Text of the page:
A PLIB Windowing Library.

by Steve Baker


PW is now just one component of PLIB.

The PLIB minimal Windowing Library (PW) is a portable interface that makes it as simple as possible to make an OpenGL application that can open a single window and read the mouse and keyboard. It is a wrapper to make the various underlying OS mechanisms look the same to application code.

You should include the PW header file '/usr/include/plib/pw.h' and link to the PW library '/usr/lib/libplibpw.a'.

Before using any other PW functions, you should initialise the library by calling either:

void pwInit ( int multisample, int num_samples ) ;


void pwInit ( int x, int y, int w, int h,
              int multisample,
              char *title, int border, int num_samples ) ;

The first version creates a full-screen window with no borders, titles, etc (or at least as close to that as your OS can manage). The second version creates a window with it's origin at (x,y) of dimensions w x h, with the specified title string, and optionally with or without a border.

The window that's created will have the maximum number of colours that your system supports - double-buffered plus a Z buffer.

Both forms allow you to specify whether you'd like multisampling to be enabled or not - and if so, with how many samples. If your system cannot produce the number of samples requested, pwInit will fall back to the best it can do.

Then, initialise other PLIB components such as PUI. When initialisation is complete, call this function:

void pwCallbacks ( pwKeybdFunc    *kb = NULL, pwMouseFunc *ms = NULL,
                   pwMousePosFunc *mp = NULL, pwResizeCB *rcb = NULL,
                   pwExitCB      *ecb = NULL ) ;

These parameters are callback functions for (repectively) incoming keyboard keystrokes, incoming mouse button press or release events, mouse movements, window resize events and finally, a window close callback. (That's invoked by PW when the user attempts to close the window by pressing the exit button on the window border.) PW also calls the exit function when it detects a fatal error that occurs after the window has been successfully opened.

Your application has to be prepared for these callbacks to be invoked at any time after pwCallbacks. PW allows you to issue OpenGL calls any time after pwInit().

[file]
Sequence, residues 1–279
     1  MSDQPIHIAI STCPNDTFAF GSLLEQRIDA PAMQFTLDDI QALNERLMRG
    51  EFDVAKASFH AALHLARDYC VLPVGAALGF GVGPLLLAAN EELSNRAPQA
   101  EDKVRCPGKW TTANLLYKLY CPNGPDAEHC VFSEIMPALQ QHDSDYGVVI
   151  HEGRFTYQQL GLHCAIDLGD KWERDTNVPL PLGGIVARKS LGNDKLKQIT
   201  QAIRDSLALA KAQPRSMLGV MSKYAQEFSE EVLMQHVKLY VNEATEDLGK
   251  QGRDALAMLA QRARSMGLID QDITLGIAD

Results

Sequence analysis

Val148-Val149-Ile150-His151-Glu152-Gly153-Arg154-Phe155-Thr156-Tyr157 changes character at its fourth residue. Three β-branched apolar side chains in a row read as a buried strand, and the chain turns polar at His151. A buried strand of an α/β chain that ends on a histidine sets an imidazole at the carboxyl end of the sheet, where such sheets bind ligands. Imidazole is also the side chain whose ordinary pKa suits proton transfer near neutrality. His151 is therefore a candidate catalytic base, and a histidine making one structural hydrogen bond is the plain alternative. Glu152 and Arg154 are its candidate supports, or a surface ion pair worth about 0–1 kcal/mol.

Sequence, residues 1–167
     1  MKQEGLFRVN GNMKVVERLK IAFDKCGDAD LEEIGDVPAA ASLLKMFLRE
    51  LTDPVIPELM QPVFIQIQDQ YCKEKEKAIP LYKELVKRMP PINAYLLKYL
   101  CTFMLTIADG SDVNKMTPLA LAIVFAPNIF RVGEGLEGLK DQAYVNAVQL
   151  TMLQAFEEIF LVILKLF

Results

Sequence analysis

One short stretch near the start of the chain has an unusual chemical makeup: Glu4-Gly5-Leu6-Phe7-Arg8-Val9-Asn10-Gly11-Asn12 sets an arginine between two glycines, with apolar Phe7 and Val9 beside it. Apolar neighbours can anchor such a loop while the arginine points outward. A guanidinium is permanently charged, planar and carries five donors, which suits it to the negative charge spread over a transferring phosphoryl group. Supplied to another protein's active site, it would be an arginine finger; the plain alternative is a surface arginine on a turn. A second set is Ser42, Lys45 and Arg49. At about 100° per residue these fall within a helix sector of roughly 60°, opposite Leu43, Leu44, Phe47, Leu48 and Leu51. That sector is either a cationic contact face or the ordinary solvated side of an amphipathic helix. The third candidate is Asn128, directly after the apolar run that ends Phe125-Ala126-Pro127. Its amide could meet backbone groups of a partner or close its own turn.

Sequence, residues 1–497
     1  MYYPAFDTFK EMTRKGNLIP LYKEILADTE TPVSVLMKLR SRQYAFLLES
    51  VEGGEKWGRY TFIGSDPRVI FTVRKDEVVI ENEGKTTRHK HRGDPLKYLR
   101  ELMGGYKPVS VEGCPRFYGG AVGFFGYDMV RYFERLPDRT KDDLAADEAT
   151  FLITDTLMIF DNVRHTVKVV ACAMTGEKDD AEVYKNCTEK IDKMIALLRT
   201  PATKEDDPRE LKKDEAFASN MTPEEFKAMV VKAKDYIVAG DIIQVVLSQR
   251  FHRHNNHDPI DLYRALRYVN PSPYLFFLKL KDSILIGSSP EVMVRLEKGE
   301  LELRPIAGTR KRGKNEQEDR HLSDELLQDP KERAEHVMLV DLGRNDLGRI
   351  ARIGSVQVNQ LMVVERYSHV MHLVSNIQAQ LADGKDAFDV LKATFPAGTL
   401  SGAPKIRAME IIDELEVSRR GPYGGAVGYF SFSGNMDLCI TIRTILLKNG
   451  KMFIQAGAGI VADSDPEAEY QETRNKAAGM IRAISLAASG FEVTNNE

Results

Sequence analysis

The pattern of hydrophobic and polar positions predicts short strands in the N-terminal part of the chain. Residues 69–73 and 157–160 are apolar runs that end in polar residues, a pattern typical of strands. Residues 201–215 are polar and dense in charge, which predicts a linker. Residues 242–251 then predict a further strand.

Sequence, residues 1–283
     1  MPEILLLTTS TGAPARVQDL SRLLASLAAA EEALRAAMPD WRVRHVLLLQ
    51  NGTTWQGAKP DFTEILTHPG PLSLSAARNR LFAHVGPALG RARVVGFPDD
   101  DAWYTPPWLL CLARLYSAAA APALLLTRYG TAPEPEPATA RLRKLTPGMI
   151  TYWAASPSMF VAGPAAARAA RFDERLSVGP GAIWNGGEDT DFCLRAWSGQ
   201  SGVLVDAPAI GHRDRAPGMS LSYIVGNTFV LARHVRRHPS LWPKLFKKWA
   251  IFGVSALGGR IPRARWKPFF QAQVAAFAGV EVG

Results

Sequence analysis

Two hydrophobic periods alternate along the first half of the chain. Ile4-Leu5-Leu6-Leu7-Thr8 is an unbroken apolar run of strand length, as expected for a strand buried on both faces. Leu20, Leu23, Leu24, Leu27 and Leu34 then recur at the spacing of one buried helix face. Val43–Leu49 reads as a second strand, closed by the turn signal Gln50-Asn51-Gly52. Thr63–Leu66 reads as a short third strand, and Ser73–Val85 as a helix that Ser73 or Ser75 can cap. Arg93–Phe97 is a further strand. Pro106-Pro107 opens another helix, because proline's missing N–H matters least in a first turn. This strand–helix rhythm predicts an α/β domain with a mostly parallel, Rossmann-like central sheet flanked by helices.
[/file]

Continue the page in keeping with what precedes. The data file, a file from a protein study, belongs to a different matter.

The specifications of these various callbacks are:

typedef void pwResizeCB ( int w, int h ) ;
typedef void pwExitCB   () ;
typedef void pwKeybdFunc    ( int key, int updown, int x, int y ) ;
typedef void pwMouseFunc    ( int button, int updown, int x, int y ) ;
typedef void pwMousePosFunc ( int x, int y ) ;

The 'updown' parameter is set to PW_DOWN when a key or mouse button is pressed or to PW_UP when it's released. The 'key' parameter is either an ASCII character or one of:

 PW_KEY_F1       PW_KEY_F2       PW_KEY_F3       PW_KEY_F4       
 PW_KEY_F5       PW_KEY_F6       PW_KEY_F7       PW_KEY_F8       
 PW_KEY_F9       PW_KEY_F10      PW_KEY_F11      PW_KEY_F12      




The 'button' parameter is one of:


These constants are chosen to be identical to the similarly named constants used in the PLIB PUI library so that it's easy to connect a PUI GUI to a PW window.

Once the window is initialised, you may call other PLIB graphics initialisations (puInit, ssgInit, etc).

So now you have your window open, you only need to do one thing - call this function once per frame:

void pwSwapBuffers () ;

This function swaps the double-buffers, collects keystrokes, mouse events and resize events and calls whatever application-defined callbacks are needed. It is NOT LEGAL to call pwSwapBuffers() from inside a PW callback function.

When you wish to close the PW window, you should call:

void pwCleanup () ;

Some applications need to know when the shift/control/alt keys are being held down by the user:

int pwGetModifiers () ;

This returns the state of those three keys as the OR of the three constants:


Note that the results are only valid inside of a callback called from pwSwapBuffers().

By default, PW disallows auto-repeat of keyboard keys. This is generally what you want for games. However, it's possible that you may want auto-repeat to be enabled:

   void pwSetAutoRepeatKey ( bool enable ) ;

If the user has told the windowing system that auto repeat should be off as some kind of a global preference then pwSetAutoRepeatKey(true) won't turn it back on again.

Finally, there are a number of functions for setting and getting the window position and dimensions - also to set the current cursor shape:

void pwGetSize       ( int *w, int *h ) ;
void pwSetSizeOrigin ( int x, int y, int w, int h ) ;
void pwSetSize       ( int x, int y ) ;
void pwSetOrigin     ( int w, int h ) ;
void pwSetCursor     ( int c ) ;

The available cursor shapes for pwSetCursor are:

   PW_CURSOR_AIM     4

Steve J. Baker. <sjbaker1@airmail.net>